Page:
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Contact or Imposition of the Sacred Hands of our Kings of England and of France, given them at their Inaugurations. Shewing the Gift itself, and its continued Use, declaring all Persons Healed thereby, without any respect either to their Age, Sex, Temper, or Constitution; with the Manner, Form, and Ceremonies thereof; and divers general Rules for the meanest capacity to find out the Disease. The best expedient to prevent poor People from unnecessary Journeys. The whole concluded with above Sixty admirable Cures, performed with and without Gold, by His Majesty's Benediction; by His Late Majesty's precious Blood; and the like." Prefixed to the work is a portrait of Browne, engraved by R. White, inscribed "Johannes Browne, Regis Britannici necnon Nosocomii sui Chirurgus Ordinarius;" and a curious frontispiece, also engraved by White, entitled "The Royal Gift of Healing," representing Charles II. seated on his Throne, surrounded by his Court, touching for the King's Evil.

This ceremony seems to have been in high vogue during this reign. "The King gives freely," says Mr. Browne, "not calling the Angels to witness, nor sinking so low as others do, to perform the same by Black Art or Inchantment. He does it with a pure heart, in the presence of the Almighty, who knows all things, without superstition, curing all that approach his Royal Touch. And this I may frankly presume to aver, that never any of his Predecessors have ever exercised it more, or more willingly or freely, whose wonderful effects, and certainty of cure, we must and shall ever acknowledge *."

This is followed by accounts of about 70 "wonderful and miraculous cures, performed by his Majesty's Sacred Hands;" and also by "An Account of the Number of Persons touched for the King's Evil, from May 1660 to September 1664, from the Registers kept by Thomas Haynes, Esq. Serjeant of the Chapel Royal; from which I shall copy the

totals of each vear:


* Browne, book iii. p. 126.




It appears by the Newspapers of the time, that on the 30th of March, 1714, two hundred persons were touched by Queen Anne *, Amongst these was Samuel Johnson, afterwards the justly celebrated Moral Writer. He was sent by the advice of Sir John Floyer, then a Physician at Lichfield; and many years afterwards, being asked if he could remember Queen Anne, said, "he had a confused, but somehow a sort of solemn recollection of a Lady in diamonds, and a long black hood."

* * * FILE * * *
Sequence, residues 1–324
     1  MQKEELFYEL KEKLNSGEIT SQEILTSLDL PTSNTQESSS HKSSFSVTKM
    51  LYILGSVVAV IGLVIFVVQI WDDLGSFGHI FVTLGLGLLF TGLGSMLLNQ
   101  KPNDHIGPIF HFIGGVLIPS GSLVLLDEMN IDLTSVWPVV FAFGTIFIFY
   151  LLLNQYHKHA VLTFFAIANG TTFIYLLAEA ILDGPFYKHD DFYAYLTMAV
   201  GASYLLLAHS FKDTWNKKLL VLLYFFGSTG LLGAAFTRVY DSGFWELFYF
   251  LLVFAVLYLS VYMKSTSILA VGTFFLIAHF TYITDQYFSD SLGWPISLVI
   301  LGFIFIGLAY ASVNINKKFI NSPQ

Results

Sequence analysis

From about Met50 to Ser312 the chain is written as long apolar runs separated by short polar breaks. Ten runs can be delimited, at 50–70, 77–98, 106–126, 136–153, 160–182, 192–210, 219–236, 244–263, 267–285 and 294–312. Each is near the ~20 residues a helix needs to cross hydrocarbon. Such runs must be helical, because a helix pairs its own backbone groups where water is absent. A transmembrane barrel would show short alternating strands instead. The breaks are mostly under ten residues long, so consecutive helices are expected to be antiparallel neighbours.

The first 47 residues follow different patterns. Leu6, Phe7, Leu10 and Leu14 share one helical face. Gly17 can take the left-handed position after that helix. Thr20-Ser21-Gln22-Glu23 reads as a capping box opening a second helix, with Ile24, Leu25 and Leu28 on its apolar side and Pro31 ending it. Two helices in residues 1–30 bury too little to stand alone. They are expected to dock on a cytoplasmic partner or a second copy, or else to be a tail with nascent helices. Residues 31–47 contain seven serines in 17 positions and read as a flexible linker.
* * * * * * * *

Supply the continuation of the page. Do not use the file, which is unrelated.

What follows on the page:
The Honourable Daines Barrington f has preserved an anecdote, which he heard from an old man who was witness in a cause with respect to this supposed miraculous power of Healing. "He had, by his evidence, fixed the time of a fact, by Queen Anne's having been at Oxford, and touched him, whilst a

* The Ceremony used in this Reign is given in the. Appendix, No. II.

t Observations on the Statutes.

child, for the Evil. When he had finished his evidence, I had an opportunity of asking him, whether he was really cured? Upon which he answered, with a significant smile, "that he believed himself to have never had any complaint that deserved to be considered as the Evil; but that his parents were poor, and had no objection to the hit of gold."

The learned and honourable Writer very properly observes on this occasion, "that this piece of gold, which was given to those who were touched, accounts for the great resort upon this occasion, and the supposed afterwards miraculous cures."


Although this Monarch, who succeeded to the Crown in 1714, had the good sense not to pretend to this miraculous Gift, it was assumed by the Descendants of the race of Stuarts. And it is well recollected, that Mr. Carte's (in other respects very excellent) "History of England" fell into almost

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